The Mayan Wedding Ritual includes: A ritual of commitment to unite each other, as long as the commitment remains. The Mayan Wedding Ritual is based in the Maya's connection with the universe and their gods, which is described in their sacred book the Popol Vuh. The ceremony brings the couple to the four cardinal points (north, south, east and west) to unite them to the feminine Mother Earth and the masculine Cosmic Energy, symbolized by a central sacred candle. An altar is created to represent these four cardinal points with flowers marking these four points. The altar hold the traditional offerings to the Gods (corn, beans, rice, fruit); to represent the gifts of prosperity and fertility. North is represented by red flowers, East with yellow, South with purple, and West with white flowers. Candles are located on the altar on the four cardinal points, north, south, east and west, to symbolize the presence of the four Mayan cosmos gods. The center candle unites the feminine and masculine, Mother Earth and Cosmic Energy, the fifth flame - which is lit by the Shaman or by the one he designates. Prior to the ceremony, the area is cleansed at the four cardinal points by the Shaman with the sacred smoke from the Copal tree and the blowing of the ritual conch shell horn.
Family and friends circle around the altar to celebrate the union of the bride and groom by presenting gifts of flowers, music, food and drink. Mayan music with pre-Hispanic instruments and the sacred conch shell is performed before and during the ceremony. Traditional Mexican music, such as Mariachis, can continue the celebration after the wedding. For a traditional Mayan wedding feast, turkey tamales, beans, potatoes and tortillas with plentiful toasts by families and friends with Xtabentun, (an anise and honey flavored Mayan liqueur) is served as well as Champagne.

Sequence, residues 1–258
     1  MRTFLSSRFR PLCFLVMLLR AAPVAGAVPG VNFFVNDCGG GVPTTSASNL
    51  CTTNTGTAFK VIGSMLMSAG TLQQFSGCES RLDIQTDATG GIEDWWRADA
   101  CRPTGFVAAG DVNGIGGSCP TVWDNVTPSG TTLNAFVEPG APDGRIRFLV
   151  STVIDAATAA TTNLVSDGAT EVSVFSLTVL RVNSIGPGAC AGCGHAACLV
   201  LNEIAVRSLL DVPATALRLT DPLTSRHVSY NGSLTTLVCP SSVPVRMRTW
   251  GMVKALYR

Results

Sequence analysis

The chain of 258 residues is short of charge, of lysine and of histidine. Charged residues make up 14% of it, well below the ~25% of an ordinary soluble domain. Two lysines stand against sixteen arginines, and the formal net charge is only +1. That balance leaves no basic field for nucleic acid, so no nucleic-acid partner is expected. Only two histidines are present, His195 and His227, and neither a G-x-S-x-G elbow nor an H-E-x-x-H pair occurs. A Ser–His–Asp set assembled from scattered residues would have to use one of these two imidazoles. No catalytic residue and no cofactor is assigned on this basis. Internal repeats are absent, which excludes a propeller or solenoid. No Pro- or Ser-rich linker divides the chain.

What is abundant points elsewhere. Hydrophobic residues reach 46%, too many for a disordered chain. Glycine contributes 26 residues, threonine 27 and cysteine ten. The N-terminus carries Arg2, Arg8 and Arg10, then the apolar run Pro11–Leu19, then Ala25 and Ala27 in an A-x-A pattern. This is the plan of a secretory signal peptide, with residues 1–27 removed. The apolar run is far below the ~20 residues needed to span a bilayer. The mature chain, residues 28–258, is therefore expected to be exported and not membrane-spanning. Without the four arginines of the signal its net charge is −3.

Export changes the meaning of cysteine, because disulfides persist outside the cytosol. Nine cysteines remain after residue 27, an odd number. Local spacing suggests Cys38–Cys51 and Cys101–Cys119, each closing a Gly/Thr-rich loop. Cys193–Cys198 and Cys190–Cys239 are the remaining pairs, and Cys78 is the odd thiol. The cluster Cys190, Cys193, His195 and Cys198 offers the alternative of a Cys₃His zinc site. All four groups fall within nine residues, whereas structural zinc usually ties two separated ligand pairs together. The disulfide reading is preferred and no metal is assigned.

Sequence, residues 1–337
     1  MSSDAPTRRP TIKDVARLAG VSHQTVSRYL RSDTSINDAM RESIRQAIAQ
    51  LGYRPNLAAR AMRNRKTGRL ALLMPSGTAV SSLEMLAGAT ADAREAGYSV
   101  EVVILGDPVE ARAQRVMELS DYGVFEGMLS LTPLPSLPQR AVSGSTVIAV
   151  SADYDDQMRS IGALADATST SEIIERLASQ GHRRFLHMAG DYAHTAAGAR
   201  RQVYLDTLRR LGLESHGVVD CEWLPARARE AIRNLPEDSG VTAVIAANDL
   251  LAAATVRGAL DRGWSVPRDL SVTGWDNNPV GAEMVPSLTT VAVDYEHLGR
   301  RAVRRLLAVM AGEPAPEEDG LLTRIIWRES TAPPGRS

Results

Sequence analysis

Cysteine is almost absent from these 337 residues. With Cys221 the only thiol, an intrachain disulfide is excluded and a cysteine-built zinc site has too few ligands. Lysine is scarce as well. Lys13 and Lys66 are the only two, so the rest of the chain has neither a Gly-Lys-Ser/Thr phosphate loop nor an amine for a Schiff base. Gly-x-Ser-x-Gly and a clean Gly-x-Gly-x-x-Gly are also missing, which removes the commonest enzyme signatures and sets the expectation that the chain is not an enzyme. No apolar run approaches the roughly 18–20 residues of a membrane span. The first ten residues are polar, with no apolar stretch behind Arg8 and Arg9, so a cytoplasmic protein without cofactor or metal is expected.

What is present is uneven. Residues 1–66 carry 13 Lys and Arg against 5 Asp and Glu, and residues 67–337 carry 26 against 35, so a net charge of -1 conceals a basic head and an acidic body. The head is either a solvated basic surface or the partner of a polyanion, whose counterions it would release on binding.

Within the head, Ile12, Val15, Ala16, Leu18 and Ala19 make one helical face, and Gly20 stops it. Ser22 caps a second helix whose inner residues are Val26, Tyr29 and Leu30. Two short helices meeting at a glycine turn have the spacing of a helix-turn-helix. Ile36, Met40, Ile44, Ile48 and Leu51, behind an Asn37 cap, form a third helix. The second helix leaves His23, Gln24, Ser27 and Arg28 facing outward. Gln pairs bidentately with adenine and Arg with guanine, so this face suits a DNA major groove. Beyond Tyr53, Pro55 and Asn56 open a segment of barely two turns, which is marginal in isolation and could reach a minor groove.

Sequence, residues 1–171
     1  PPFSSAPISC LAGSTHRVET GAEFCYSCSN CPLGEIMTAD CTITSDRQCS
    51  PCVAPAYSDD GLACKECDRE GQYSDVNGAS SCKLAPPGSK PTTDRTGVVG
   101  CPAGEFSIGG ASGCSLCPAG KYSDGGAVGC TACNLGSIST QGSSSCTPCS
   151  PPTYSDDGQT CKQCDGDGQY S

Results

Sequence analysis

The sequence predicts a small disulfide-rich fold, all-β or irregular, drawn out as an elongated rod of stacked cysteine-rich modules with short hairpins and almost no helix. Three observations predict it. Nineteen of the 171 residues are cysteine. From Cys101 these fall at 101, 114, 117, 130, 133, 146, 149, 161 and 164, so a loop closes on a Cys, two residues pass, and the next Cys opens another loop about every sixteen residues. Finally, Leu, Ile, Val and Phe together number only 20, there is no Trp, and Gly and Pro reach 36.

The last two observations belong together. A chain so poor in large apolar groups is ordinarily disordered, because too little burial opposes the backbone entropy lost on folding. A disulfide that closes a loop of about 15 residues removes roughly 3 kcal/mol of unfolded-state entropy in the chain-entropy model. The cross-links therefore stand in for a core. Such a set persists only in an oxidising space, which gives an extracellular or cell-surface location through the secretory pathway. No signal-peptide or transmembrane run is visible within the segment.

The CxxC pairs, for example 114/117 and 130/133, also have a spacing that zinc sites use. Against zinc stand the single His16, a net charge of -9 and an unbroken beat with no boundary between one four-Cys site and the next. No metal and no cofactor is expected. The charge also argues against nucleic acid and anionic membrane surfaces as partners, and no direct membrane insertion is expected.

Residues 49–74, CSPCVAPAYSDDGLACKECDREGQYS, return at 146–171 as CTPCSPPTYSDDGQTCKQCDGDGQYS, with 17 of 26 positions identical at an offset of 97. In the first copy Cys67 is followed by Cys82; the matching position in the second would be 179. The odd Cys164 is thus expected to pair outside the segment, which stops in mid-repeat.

For authentic Mayan, weddings, the sacred drink Balche (from the Mayan balche, hidden tree) is prepared especially for the couple and is a month long process. This ceremonial drink is "fermented" in alcohol with the sacred Balche tree bark, flowers, anise and wild fresh bee honey. The bride and groom wear simple natural clothing of white or off white without shoes in order to absorb the energy of the ceremony. Traditional dress, which can be purchased or rented, is available for the bride and groom for authentic Maya ceremonies. A Mayan bride traditionally wore a natural cloth skirt and wedding huipil (an elaborate brocaded blouse) and the groom an embroidered loin cloth decorated with parrot feathers, semiprecious stones and shells. It is suggested that family and guests wear natural cloth clothing in white or cream, preferably barefoot, so they can share in the spiritual energy created by the ceremony. It is truly an event remembered by all.
A traditional Mayan ceremony is spiritual and interactive, taking place in front of the sea, in balance with Nature, the four basic elements (Fire, Earth, Water and Air) and the Universe. The Shaman will bless the union setting an altar for the Mayan gods with flowers, fruits, seeds and fire. Guests will stand in a circle around the altar to await the entrance of the Bride and Groom. The Shaman will welcome them with a purification ritual using Copal, a native plant burned by the Mayas as incense. Then, the couple will walk into the Altar and with everyone together (including guests) he will ask permission to the four cardinal points, and the Mayan Gods, to guide the couple through light and unconditional love in a spiritual union. Once they accept each other as a caring couple, they will share the fruit and vows, and will receive a flower crown. Rings can also be exchanged at this time. Then, the couple will take their hands and kiss, symbolizing respect, tenderness, comprehension and love. The Shaman will ask each of the guests to pronounce one word with his/her wishes for the new couple. The ceremony is closed with guests showering the newly married couple with flower petals. It is suggested the guests wear white, to represent a pure integration with Mother Earth.
The Mayan Wedding K'aam Nikte' is filled with ancient symbolism to unite the couple spiritually with the Cosmos and Mother Nature's life giving energies. The sacred energies of love and life are placed upon the couples' love vows to protect their marriage from the negative forces that daily living bring into a home, the couple undergoes a purification ritual, then they are welcomed by the Wise Elder Priests inside the sacred ceremonial altar, where the J'Men welcome the love energy of their Maya Gods: Noj Yuum k'uj (greater God), Yuum K'aax and all yuumtsilo'ob (godly earthelements), The Aluxes,Yuum Chaak (rain, godly water element) and Junab K'uj, (deities in charge of nature and the elemental energies of life) are then invited to embrace the couples hearts and bring protection to their spirit so that love grows within them as one; then the couple greets the guests.